Every Tuesday and Thursday evening, the Sports Studio inside of the ARC is full of grown men, many of them quite large, flying through the air, slamming into the mats and trying to strangle each other. They’re practicing Brazilian Jiu Jitsu, the Judo-inspired, South American martial art and combat sport focused on grappling and ground fighting.
Each class starts with warm-ups and stretches. Students practice falling correctly, moving their hips and controlling their bodies. Afterwards, they’re shown the days technique and begin practicing.
As they drill, their coach AJ Albert, a four-stripe purple belt that has trained in Jiu Jitsu for near nine years, watches over them with a careful eye, making small adjustments.
“I’ve been teaching this class three years,” AJ said. “At the beginning, we had between eight and 12 people coming regularly. They were dedicated; they’d come every class, during midterms or finals, until they graduated.”
After the day’s lesson, the students begin to spar, affectionately called “rolling.” They pair up and start trying to catch each other in joint locks or chokes. The competition is real, though controlled. Everyone takes safety very seriously, releasing whatever holds at the lightest taps on the mat. By the time the class is over, the room is humid, the floor is covered in sweat marks and everyone is tired and breathing heavily.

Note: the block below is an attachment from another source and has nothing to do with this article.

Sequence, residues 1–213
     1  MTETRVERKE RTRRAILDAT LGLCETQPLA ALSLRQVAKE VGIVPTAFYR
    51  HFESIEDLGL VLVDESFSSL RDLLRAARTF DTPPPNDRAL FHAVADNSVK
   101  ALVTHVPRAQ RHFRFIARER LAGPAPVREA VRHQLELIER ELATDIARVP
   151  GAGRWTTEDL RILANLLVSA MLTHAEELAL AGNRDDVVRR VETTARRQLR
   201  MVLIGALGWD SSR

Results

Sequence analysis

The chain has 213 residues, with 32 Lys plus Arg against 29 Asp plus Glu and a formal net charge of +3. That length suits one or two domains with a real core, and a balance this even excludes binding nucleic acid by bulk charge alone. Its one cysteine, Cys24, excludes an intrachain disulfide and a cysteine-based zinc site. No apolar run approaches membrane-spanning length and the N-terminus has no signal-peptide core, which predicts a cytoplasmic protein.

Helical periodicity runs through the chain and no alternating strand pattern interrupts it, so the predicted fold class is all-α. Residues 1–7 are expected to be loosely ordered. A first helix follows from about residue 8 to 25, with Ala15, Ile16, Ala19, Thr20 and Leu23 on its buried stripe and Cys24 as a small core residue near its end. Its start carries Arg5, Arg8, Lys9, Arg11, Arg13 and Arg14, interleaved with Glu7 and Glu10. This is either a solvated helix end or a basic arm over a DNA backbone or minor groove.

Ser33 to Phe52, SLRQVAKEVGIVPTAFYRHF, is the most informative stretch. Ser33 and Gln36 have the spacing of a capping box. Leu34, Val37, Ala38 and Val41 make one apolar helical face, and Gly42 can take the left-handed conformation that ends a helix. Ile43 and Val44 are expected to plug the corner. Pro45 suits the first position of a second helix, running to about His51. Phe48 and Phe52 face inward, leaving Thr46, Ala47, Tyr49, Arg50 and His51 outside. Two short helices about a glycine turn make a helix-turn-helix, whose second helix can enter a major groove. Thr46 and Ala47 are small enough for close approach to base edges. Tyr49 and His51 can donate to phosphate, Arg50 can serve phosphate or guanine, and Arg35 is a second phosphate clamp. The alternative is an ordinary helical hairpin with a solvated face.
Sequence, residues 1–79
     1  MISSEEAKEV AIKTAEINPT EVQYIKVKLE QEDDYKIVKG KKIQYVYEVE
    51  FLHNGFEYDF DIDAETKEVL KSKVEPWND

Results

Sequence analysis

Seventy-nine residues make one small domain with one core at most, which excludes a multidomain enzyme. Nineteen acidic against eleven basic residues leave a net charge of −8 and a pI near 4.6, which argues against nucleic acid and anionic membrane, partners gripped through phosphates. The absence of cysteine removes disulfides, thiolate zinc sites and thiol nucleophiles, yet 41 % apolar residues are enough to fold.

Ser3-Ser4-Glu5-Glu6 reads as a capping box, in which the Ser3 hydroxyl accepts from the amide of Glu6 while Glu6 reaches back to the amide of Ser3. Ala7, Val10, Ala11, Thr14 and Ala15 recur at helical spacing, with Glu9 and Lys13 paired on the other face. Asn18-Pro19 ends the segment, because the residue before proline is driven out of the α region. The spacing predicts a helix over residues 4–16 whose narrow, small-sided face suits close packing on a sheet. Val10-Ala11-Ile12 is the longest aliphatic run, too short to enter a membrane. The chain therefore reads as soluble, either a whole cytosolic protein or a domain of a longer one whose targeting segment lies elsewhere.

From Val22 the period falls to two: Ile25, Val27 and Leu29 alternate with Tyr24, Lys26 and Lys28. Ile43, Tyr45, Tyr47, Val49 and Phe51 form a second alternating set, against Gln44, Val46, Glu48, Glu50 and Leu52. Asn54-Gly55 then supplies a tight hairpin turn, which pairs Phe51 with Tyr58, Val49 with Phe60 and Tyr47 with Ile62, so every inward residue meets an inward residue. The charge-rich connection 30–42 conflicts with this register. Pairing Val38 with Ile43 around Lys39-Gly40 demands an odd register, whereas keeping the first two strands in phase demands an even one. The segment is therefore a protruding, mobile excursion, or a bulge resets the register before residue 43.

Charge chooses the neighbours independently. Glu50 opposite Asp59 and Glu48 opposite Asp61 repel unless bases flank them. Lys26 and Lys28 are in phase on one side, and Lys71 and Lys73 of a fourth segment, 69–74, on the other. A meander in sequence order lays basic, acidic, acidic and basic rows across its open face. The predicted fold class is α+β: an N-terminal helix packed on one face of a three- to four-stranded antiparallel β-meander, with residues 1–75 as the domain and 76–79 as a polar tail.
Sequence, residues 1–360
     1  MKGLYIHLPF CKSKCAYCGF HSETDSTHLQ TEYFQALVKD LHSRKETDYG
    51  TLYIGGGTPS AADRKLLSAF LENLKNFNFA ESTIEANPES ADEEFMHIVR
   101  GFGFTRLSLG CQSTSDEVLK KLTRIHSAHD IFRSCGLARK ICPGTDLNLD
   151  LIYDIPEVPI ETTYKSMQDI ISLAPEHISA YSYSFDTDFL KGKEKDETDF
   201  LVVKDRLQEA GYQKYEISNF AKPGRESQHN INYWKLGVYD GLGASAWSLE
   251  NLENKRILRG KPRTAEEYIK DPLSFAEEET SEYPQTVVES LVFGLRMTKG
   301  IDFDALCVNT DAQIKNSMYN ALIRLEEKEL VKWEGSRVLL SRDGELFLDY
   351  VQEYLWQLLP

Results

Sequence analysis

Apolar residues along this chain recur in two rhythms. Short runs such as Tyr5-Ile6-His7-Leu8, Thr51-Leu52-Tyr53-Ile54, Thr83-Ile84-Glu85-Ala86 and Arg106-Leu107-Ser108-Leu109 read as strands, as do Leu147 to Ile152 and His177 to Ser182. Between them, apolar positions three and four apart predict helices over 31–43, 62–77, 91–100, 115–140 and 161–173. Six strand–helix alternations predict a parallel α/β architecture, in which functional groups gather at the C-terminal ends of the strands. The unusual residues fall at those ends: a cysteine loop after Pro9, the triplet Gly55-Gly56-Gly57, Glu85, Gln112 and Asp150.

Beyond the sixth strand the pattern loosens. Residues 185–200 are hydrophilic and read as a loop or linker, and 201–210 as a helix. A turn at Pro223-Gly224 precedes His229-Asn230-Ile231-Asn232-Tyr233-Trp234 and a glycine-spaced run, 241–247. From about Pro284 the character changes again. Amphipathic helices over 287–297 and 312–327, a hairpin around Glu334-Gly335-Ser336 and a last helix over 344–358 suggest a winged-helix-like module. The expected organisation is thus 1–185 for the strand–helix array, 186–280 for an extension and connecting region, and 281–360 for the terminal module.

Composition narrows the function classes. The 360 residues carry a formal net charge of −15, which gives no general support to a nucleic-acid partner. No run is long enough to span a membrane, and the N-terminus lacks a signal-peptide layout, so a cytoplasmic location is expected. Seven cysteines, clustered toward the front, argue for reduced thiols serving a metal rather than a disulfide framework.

As they line up for dismissal, AJ makes a few shorts announcements before bowing and high-fiving every student.
Though the class started small, they’ve been steadily growing. Last quarter a group of class students created the Jiu Jitsu club and formed the UCI Club BJJ team. This quarter they hosted their first tournament, featuring competitors from UCLA, USC, Long Beach State and UC Irvine.
“I’ve thought Jiu Jitsu should be a collegiate sport for a long time so I worked with the club sports guy to get everything working. We turned in our club petition the week of the deadline,” AJ said. “Our first tournament, I had no idea what I was doing. It went so smoothly though. We started setting up at 9 a.m., started at 9:30. It went until 1 p.m.. We had a lot of help though. Tim Cartmell from Ace was here, Chris Seals from Cleber’s was too.”
Today, the class’ student limit is automatically increased each quarter. Despite this, AJ still needs to regularly turn away interested students.
“Each quarter we have about half the old students stay. Everyone else is made up of new people trying out the class. When I started training in 2003, the sport was slowly getting popular. Now you can throw a stone and hit a gym. I think that has a lot to do with MMA [Mixed Martial Arts] becoming so popular,” AJ said. “You have to turn people away. You know, it’s nice to teach a small class because you get a lot of one-on-one time with people but when there are seventy people in the room you can only give so many people enough. I don’t ever want to turn anyone away. I would never want this to be someone’s one chance at trying it out and then if it doesn’t work out they never try again. I want everyone to train in jiu jitsu.”
The ARC’s UCI Brazilian Jiu Jitsu class meets Tuesdays from 6 to 7:20 p.m. and Thursdays from 5 to 6:20 p.m.